For starters, Joe Biden looked gaunt. Has the president’s pet veep not been eating? When last spotted that night he was wet-eyed, brushing away tears. This was after the evening’s main speaker said Joe would be in charge of new job-retraining efforts in partnership with our community colleges. There he is, wanting to run for president, and he’s been told to go back to junior college. You would cry too if it happened to you.

Then we noticed Harry Reid, and let’s just say he displayed none of Dick Durbin’s ebullience. He appeared pained. What is going on? He never smiles these days. The pressure of being Harry Reid is destroying him.

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Presumed Innocent

By 1.24.14

Republicans learned something this week: Payback is always in the cards if they win when they’re not supposed to. Flash backward to 2009 and the odd-year election states of New Jersey and Virginia, where two insurgent candidacies took the first steps in the long recovery from the disastrous defeats of 2008. For a good while everyone was giddy over Chris Christie and Bob McDonnell’s gubernatorial wins, especially given how each initially performed, regardless of their contrasting personalities. The rest is history, alas, a lot of it hysteria, and now we’re left combing through the wreckage, a lot of it covered by cold deep snow. It’s like the withdrawal-from-Russia scenes in War and Peace.

First came Gov. Christie’s second inauguration in Trenton, where no one ever has to wait in a toll booth line. There was no after-party (sigh). The planned inauguration bash on Ellis Island, within intimate view of the Statue of Liberty, had to be canceled. The governor’s huddled mass wasn’t welcomed. His handlers were quick to blame the snub on Mother Nature, not Lady Liberty.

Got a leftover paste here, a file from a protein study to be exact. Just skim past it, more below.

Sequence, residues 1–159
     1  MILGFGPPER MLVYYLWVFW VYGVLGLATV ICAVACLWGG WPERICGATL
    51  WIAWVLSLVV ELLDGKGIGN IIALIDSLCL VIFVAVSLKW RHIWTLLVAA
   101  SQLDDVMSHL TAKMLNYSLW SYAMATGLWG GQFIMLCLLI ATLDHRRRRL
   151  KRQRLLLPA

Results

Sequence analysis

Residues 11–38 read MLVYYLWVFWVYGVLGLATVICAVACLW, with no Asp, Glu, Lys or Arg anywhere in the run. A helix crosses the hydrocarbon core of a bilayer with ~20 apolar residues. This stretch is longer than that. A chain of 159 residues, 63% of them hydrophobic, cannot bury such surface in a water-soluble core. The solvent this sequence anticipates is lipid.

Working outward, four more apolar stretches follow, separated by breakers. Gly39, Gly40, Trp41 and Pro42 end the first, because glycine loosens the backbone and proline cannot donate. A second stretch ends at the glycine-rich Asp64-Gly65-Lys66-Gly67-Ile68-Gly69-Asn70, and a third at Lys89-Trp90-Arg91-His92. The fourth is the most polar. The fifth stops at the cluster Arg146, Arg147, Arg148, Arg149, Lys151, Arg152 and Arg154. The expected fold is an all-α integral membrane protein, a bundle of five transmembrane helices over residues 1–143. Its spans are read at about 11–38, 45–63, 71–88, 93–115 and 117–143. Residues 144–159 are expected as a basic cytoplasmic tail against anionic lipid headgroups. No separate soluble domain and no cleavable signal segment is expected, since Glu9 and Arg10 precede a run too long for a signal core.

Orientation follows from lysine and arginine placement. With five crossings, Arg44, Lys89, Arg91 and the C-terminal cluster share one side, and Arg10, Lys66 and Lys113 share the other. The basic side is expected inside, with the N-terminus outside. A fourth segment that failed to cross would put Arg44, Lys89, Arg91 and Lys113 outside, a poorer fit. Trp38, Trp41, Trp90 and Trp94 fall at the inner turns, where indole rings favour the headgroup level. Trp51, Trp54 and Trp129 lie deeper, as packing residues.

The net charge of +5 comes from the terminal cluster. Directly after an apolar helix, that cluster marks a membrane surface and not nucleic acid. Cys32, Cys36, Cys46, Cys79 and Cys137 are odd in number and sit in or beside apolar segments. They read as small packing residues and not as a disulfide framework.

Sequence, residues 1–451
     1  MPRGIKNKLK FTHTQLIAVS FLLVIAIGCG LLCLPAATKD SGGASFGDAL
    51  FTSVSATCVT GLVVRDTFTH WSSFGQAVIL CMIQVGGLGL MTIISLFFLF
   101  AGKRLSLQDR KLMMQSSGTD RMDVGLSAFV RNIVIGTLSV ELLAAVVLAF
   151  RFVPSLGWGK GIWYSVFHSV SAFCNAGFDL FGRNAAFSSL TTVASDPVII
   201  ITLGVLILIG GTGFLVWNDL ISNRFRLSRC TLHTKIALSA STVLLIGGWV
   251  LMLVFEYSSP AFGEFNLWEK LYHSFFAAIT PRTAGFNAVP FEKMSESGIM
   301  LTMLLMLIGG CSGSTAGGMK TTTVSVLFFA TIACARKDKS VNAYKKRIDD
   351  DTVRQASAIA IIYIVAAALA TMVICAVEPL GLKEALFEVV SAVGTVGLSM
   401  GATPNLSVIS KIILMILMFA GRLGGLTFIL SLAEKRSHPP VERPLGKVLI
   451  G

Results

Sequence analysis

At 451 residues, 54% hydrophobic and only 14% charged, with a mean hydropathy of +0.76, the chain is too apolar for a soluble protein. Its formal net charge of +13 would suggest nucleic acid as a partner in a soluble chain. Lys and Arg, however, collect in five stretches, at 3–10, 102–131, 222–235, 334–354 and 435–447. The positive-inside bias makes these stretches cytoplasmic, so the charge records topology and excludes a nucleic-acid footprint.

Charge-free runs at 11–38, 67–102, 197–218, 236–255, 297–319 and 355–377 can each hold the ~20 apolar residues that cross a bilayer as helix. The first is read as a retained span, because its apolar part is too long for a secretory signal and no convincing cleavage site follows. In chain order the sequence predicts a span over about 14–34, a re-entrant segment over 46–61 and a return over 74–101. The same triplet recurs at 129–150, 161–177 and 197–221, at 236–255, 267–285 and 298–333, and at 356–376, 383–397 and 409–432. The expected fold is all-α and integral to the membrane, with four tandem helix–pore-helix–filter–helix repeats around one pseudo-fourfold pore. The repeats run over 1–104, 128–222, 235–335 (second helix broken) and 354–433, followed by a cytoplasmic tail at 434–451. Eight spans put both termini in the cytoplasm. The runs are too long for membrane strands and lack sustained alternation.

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Executive Pretenders

By 1.17.14

Long past having anyone to turn to for inspiration, our president unwittingly channeled Jim Croce, though naturally without any of the late singer’s poetic components and melodic grace. “Like the singing bird and the croaking toad, I’ve got a name, I’ve got a name,” Croce once sang, before adding, “And I carry it with me like my daddy did.” Our president, dispensing with any introduction, countered with, “I’ve got a pen and I’ve got a phone,” before adding, “And I can use that pen to sign executive orders and take executive actions and administrative actions that move the ball forward.” Guess that mixed metaphor kept him from telling us what his daddy did. To be fair, it’s likely pops played soccer.